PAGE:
Thunderstick and Profile's have lots of power for players with slow swingspeeds.
    How many ATP or WTA pros used the Tstick and Profiles?
    How many ATP or WTA pros use thin beam flexible rackets?
     
    #12
  13. struggle

    struggle Hall of Fame

    Joined:
    Mar 4, 2010
    Messages:
    4,276
    Location:
    Western North Carolina
    sorry, thread title doesn't mention pro players, only rackets.

    the original wilson profile (1988 or so, the gold colored monster fat thing) is the craziest i ever felt in terms of power. I'm sure it's been one-upped but i wouldn't know.
     
    #13
  14. LeeD

    LeeD Bionic Poster

    Joined:
    Dec 28, 2008
    Messages:
    37,239
    Location:
    East side of San Francisco Bay
    Sorry you don't know about rackets.
    A Profile is the most powerful racket for a player with short slow swings.
    A Thunderstick fits that catagory also.
    At the same time, a thin beam soft racket is very soft hitting for a player with slow swing speeds.
    And, a thin beam soft racket can hit the most powerful shots for a player with a fast swing speed.
    Meaning, for someone with a fast swing speed, like ATP pros, there are no Profiles or Thunderstick around at that level.
    But, for someone with slow swingspeeds, like your typical playground tennis player, there are TONS of Profiles, Thundersticks, and all the new 115+ granny sticks.
     
    #14
  15. Kalin

    Kalin Professional

    Joined:
    Feb 22, 2004
    Messages:
    1,498
    Lee, pros are looking for the most power that they can still keep in the court! So, with the current state of the art in technique and strings it so happens that the PD/APD range fits that description.

    The Thunderstick and the Profile were too powerful for pros; that's why they never made it big on Tour (although I've seen some very high level players with the 95 sqin original, heavy Profiles). That's exactly the point.

    A racquet that's very powerful with a short, slow swing will be even more powerful with a fast, long one. Simple physics :)
     
    #15
  16. chunlimeyers

    chunlimeyers Rookie

    Joined:
    May 5, 2004
    Messages:
    164
    Ok, bored enough tonight to answer this. Someone answered this earlier, its power PLUS spin that makes a racket "pro worthy", or, even "you worthy".. What happens is if you have a wilson profile 2.7 in your hands, and you block the ball back with all its thick beamed "power".. The power PLUS spin I can make with my, say, classic pro staff 85 with 12.3 ounces and a 10 points light head balance, allows me to hit MUCH MORE SPIN than your profile(as this thin beamed 17mm width frame is designed to go very fast through the air).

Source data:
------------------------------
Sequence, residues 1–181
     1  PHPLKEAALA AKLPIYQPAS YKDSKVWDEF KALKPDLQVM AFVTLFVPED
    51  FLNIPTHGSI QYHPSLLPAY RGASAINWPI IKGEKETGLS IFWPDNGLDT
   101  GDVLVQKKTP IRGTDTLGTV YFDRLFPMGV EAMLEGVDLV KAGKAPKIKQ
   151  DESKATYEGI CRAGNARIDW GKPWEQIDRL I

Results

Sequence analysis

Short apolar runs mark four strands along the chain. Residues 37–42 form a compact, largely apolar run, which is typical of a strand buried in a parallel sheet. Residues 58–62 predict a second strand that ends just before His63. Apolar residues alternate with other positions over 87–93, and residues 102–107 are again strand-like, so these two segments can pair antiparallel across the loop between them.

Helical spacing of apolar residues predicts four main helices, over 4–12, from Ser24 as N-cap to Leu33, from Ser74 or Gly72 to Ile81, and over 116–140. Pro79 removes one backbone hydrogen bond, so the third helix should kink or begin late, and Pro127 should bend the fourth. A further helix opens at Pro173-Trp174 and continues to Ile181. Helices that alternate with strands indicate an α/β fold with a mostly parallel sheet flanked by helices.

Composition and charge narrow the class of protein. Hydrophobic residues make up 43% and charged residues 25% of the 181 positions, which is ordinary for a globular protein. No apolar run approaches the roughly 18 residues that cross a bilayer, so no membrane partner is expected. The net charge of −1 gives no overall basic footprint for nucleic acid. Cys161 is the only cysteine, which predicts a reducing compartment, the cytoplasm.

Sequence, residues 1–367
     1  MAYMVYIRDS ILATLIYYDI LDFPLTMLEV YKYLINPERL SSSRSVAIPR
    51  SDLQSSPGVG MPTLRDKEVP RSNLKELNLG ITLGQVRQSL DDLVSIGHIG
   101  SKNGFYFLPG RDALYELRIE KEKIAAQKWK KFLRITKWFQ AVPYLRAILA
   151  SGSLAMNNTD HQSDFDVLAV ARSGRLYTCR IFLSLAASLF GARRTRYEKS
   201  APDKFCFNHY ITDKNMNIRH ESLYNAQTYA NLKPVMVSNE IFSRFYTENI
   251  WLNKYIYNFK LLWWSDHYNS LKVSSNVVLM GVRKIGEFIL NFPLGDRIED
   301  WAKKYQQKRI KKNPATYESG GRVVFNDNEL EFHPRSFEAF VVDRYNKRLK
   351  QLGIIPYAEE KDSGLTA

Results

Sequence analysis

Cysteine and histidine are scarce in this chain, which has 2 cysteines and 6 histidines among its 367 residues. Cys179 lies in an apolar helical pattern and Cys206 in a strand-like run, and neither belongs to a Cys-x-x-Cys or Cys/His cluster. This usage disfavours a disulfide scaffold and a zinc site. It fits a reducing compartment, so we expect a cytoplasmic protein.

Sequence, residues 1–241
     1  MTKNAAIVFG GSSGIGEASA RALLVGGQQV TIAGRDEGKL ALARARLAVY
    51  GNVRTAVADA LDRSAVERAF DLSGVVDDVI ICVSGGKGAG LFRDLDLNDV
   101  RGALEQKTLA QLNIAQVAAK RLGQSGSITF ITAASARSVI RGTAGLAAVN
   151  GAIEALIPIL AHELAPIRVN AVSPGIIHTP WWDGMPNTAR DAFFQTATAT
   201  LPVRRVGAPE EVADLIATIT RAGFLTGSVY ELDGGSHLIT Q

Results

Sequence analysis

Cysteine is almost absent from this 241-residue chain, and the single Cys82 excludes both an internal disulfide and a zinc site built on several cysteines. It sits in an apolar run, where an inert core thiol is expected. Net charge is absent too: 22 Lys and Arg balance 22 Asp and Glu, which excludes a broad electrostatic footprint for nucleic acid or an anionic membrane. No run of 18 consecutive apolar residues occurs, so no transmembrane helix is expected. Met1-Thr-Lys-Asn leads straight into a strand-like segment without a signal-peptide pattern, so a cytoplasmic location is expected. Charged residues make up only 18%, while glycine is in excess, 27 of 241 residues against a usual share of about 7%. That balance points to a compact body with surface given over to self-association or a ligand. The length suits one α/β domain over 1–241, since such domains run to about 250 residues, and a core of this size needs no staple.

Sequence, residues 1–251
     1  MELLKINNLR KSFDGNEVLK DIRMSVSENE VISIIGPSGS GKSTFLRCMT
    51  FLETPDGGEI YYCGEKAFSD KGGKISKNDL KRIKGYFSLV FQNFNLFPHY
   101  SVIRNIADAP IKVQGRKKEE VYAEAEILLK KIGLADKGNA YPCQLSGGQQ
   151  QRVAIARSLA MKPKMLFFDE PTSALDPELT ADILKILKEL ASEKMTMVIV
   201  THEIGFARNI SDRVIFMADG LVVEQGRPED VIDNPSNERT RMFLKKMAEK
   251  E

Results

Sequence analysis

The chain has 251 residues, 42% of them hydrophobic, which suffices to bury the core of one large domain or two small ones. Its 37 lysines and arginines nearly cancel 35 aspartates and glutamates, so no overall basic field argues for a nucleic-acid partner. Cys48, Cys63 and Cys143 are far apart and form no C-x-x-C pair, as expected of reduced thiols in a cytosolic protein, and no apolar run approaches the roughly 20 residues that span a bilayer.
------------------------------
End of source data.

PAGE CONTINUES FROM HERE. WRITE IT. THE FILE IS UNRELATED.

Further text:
The profile also is a tank with horrible aerodynamics, and a very even or worse balance to it, so it was purposely designed to swing much slower through the air(Or else if you could, say, make it 10 points head light, somehow fix the aerodynamics(which is why Lee D digs his aeropro, and why they do make some killer power, a wide racket, head light but still cuts through the air well)which would probably make it close to 15 ounces when done, would be able to hit the ball probably 2 to 3 courts lenghtwise!(and you would have to be strong enough to swing a racket this heavy!)

    Ok, with all that said. If I play against old men with profiles, what happens is when they have their short swings and "block" the ball back, my topspin comes off their racket as backspin, and the ball flies out like it was sent in orbit. So, yes, if the net was much lower, and their was no spin in today or even yesteryear's game, or everyone you play with uses absolutely no spin? Get a wilson profile 2.7. Else wise, my next racket is going to be the pro staff 95s with me weighing and balancing it the same as my trusty pro staff 85(I have already done this with a demo, and it is INSANE!).

    So, you see why your question really just takes you nowhere if you only ask for "the most power". Power even on serve without spin, unless your 6 foot 9, is mostly useless in today's game.(Pete Sampras had not only one of the biggest serves in the game, but also the most spin.. all with a pro staff 85(heavily modified)).
     
    #16
  17. LeeD

    LeeD Bionic Poster

    Joined:
    Dec 28, 2008
    Messages:
    37,239
    Location:
    East side of San Francisco Bay
    Never thought of it that way, the spin.
    All the guys using big wide, thick rackets COMPLAIN of the spin I hit, and belittle spin as a means to winning, instead saying pure power is the way to go.
    BUT, I serve harder (faster) than them.
    I also swing much harder to hit any groundie, while they, as said, basically just block my shots back for a no spin, easy sitter for me to pummell!.
    So, maybe Lack of Spin is one determinating factor in advanced tennis.
    I know, my g/f who doesn't play tennis, hits harder with my PrinceTT's than my Aero300's.
     
    #17
  18. FD3S

    FD3S Professional

    Joined:
    Mar 20, 2006
    Messages:
    1,173
    Surprised the 6.1 Classic and the 2001 Pure Control haven't been brought up - both sticks are heavy, stiff, and assuming you swing properly let you murder the hell out of the ball. The plowthrough on these two racquets is just unreal.
     
    #18
  19. Ben

    Ben New User

    Joined:
    Jul 3, 2009
    Messages:
    20
    PK Ti 20g is powerful

    If you want power, plus a nice looking racquet, go to the Pro Kennex Ti 20g Reach. I am not sure other racquets can match it.
     
    #19
  20. muddlehead

    muddlehead Rookie

    Joined:
    Jan 1, 2009
    Messages:
    297
    Have used for many years Wilson Profile Widebody (ca 1990) 95 sq in. Lead and 31 lbs string tension. Not for everyone, of course. Plenty powerful. Volleys wonderfully as you would imagine. Most power I've ever swung - same racket, but, 120 sq in. Wow. Would be my answer for most powerful stick ever.
     
    #20

Share This Page